The Moment by Paula Martiesian
I was six when I first trudged up the stairs of the Waterman Building to take Saturday morning classes at RISD. On and off for the next few years I continued to take classes, my mother and two aunts driving me into the city, then dropping me off to go shopping at Shepards and the Outlet. I was petrified of the glass block floor on the third level, put off by the taxidermic creatures in the Nature Lab and fascinated by the sinks with their decades old patina of paint.
Older, along with a bus load of other students, I visited the RISD Museum. My fellow students were attracted to the Buddha and Egyptian Sarcophagus, but I was enamored of Edouard Manet’s painting of Berthe Morisot. I couldn’t get over her flowing white dress anchored only by a thin black belt.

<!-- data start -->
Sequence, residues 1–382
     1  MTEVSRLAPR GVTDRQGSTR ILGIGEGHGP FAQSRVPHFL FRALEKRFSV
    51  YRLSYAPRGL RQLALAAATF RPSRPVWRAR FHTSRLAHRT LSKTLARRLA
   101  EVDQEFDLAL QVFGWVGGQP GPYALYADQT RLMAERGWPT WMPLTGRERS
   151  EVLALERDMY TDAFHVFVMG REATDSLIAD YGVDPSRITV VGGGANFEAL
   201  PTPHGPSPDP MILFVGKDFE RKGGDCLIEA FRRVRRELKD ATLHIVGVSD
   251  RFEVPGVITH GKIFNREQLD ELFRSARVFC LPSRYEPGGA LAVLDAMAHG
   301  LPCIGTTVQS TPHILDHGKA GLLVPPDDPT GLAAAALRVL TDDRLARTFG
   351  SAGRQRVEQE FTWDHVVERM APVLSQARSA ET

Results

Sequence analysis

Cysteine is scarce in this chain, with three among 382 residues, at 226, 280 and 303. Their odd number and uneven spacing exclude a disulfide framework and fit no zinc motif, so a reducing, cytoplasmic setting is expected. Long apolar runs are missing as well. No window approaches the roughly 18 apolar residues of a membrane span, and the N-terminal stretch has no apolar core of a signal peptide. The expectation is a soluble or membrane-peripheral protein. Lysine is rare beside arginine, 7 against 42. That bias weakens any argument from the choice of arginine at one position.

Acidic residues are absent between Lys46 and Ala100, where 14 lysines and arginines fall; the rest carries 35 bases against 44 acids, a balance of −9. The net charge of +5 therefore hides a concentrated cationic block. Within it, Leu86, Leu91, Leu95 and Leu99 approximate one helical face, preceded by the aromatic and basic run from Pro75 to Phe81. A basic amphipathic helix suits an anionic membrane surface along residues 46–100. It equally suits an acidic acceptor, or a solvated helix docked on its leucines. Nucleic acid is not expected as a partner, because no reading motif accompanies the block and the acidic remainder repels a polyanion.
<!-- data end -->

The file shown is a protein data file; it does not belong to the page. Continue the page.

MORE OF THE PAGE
There was another painting that drew me, but not because I like it. Instead, it bothered and offended me. It was an oil painting of the ocean by Winslow Homer. The sea looked like cement and I couldn’t understand how something that symbolizes constant movement could be portrayed as an inert, unmoving object.
This was the beginning of a lifelong obsession for me, evoking motion in painting. I love color and I have an affinity for it, but it is movement that draws me, inspires me and is the real basis for my painting. I had learned an important lesson – nature can be quiet, but it is never still.